FDA released two useful tools last month to advise and assist companies in complying with new FSMA rules.
The agency issued a Small Entity Compliance Guide(SECG) to help small food businesses comply with the FSMA final rule on Mitigation Strategies to Protect Food Against Intentional Adulteration.
“We encourage you to comply with the [intentional adulteration] rule as soon as possible,” the agency said. The mandatory compliance dates depend on the size of the business. Businesses that do not qualify for exemptions must comply by July 26, 2019. Small businesses – with fewer than 500 full time equivalent employees — have until July 27, 2020 to comply. Very small businesses are exempt from the rule, except for a documentation requirement which has a compliance date of July 26, 2021. A very small business is defined as a business (including any subsidiaries and affiliates) averaging less than $10 million, adjusted for inflation, per year, during the 3-year period preceding the applicable calendar year in sales of human food, plus the market value of human food manufactured, processed, packed, or held without sales.
The intentional adulteration rule requires a written food defense plan that must include:
- A vulnerability assessment to identify significant vulnerabilities and actionable process steps, and associated explanations;
- Mitigation strategies and associated explanations;
- Procedures for food defense monitoring;
- Procedures for food defense corrective actions; and
- Procedures for food defense verification.
The rule applies to all food facilities, foreign or domestic, that are required to register because they manufacture, process, pack, or hold human food for consumption in the U.S.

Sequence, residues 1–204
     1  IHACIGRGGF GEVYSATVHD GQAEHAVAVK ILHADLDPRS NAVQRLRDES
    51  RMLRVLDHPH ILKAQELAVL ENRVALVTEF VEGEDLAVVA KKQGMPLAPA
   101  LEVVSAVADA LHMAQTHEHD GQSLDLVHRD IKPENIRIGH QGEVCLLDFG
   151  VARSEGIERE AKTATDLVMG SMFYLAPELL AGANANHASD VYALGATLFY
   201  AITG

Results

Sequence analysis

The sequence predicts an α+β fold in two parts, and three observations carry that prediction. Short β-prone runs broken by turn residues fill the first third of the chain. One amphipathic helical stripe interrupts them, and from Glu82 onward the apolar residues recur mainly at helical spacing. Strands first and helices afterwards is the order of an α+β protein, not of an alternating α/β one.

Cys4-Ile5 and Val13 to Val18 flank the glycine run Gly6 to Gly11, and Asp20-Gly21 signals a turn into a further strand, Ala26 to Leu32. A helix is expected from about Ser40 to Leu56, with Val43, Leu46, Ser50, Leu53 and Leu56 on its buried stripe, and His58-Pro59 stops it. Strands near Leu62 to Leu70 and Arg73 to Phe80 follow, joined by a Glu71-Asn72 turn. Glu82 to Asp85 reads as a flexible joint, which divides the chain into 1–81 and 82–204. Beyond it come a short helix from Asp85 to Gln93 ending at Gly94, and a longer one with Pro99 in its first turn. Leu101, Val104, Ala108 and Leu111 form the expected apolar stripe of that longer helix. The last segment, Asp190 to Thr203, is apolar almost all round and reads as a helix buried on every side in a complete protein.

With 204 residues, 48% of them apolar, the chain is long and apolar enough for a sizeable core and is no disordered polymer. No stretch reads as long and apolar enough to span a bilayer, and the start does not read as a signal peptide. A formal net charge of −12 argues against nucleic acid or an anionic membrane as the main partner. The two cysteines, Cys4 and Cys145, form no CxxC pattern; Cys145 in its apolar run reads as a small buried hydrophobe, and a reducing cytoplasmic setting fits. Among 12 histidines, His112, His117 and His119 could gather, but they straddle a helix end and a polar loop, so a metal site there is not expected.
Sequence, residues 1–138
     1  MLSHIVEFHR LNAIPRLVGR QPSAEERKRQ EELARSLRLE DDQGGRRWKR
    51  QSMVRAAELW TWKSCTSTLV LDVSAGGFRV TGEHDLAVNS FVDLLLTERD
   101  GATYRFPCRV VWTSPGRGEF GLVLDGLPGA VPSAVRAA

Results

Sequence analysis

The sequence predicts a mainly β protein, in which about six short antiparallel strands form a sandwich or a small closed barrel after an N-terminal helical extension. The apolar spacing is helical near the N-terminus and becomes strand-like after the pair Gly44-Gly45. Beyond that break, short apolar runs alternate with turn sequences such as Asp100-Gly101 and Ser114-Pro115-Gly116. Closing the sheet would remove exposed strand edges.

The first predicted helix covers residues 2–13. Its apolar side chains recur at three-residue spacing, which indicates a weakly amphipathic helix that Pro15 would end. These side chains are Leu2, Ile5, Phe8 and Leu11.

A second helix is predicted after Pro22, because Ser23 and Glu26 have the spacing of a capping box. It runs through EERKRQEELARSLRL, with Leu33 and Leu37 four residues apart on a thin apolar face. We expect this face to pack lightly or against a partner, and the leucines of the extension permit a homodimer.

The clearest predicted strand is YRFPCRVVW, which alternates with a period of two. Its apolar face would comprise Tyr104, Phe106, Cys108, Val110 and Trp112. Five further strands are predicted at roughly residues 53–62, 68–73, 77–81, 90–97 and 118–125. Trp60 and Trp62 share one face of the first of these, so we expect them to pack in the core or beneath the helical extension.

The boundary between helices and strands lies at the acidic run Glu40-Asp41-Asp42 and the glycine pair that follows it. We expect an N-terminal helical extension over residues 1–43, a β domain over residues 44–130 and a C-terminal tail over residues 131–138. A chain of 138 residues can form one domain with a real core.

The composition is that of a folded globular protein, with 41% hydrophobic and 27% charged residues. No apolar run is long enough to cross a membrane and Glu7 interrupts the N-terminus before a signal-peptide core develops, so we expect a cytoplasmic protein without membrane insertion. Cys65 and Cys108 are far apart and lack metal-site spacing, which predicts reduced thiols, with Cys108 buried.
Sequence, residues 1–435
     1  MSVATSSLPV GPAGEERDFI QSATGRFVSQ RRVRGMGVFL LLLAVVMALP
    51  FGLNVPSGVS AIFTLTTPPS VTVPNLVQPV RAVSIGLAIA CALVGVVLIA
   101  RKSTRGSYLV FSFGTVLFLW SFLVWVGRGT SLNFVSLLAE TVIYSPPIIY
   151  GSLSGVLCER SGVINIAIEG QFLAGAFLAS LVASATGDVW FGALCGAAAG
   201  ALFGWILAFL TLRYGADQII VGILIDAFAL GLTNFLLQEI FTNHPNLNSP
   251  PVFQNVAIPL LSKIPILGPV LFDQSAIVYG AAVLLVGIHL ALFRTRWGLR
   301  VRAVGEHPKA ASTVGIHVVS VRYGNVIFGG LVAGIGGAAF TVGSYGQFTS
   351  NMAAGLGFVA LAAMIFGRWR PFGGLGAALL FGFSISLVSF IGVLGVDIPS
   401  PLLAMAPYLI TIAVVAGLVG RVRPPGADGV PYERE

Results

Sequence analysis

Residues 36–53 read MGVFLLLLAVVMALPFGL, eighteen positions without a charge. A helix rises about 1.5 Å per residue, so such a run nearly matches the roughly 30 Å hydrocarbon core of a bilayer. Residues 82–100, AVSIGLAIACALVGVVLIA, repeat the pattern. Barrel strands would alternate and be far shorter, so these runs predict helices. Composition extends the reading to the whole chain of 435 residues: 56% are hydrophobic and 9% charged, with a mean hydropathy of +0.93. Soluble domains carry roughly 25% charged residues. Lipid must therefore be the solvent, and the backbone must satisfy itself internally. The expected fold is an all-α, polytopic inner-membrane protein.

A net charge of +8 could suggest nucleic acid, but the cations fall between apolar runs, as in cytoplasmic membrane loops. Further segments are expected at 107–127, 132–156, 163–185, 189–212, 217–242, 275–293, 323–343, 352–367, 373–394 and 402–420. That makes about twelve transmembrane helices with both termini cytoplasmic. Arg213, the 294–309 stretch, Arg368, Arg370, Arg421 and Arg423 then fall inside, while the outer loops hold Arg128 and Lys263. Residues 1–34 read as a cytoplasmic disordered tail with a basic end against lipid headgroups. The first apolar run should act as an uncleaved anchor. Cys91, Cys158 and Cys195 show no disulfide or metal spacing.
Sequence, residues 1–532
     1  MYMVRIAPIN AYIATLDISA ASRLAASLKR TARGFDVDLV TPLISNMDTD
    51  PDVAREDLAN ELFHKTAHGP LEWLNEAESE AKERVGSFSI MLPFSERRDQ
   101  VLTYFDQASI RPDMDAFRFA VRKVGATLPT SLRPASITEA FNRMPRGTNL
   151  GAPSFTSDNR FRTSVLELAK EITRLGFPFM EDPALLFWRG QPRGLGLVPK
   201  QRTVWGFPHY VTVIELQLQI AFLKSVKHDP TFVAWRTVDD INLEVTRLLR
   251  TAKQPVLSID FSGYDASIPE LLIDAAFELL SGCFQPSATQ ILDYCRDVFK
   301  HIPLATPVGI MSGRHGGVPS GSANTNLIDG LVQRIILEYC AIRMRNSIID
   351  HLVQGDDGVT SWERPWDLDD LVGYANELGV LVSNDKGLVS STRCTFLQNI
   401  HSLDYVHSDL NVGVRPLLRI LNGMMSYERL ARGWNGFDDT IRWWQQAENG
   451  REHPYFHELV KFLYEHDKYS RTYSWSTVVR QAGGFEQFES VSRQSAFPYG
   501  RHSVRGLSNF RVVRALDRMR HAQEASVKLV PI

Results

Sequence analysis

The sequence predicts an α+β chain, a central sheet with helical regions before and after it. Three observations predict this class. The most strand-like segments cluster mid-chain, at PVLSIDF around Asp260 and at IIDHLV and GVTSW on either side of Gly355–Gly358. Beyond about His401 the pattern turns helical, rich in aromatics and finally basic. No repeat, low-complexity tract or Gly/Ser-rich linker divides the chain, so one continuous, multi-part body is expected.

Although this new FDA guidance is for small entities, it includes useful advice for any size of business thinking about ways to minimize the risk of intentional adulteration — such as how to prepare a food defense plan, the required contents, who must sign the document, what ongoing records are required, who is qualified to create the plan, where and for how long records must be held, and so on. Perhaps equally useful is the guide reflects current FDA thinking, and offers some reason for confidence that following the guidance will probably be acceptable to FDA.
As a FSMA consultant, I should note that the qualified individual who creates the food defense plan may be, but is not required to be, an employee of the facility.
The agency also unveiled a new software program called the Food Safety Plan Builderto help owners and operators develop food safety plans. The program was modeled after the Food Defense Plan Builder, created to help food facilities create food defense plans.
The new tool asks a series of questions to help identify potential hazards and the preventive controls needed to address the hazards. The FSP Builder, much like the SECG for Mitigation Strategies, is current agency thinking. Using the tool correctly to design a facility specific FSP should satisfy FDA, at least initially, that a good faith effort is being made by a regulated firm to follow food good manufacturing practices, and identify hazards in need of controls(s). It may also help firms distinguish between safety hazards that FDA will review, and quality characteristics unrelated to food safety that are present in many operating SOPs.
The agency won’t have access to any documents developed using the software, Jenny Scott, senior advisor in FDA’s Office of Food Safety, emphasized in an agency blog. However, during an inspection, FDA will review the FSP.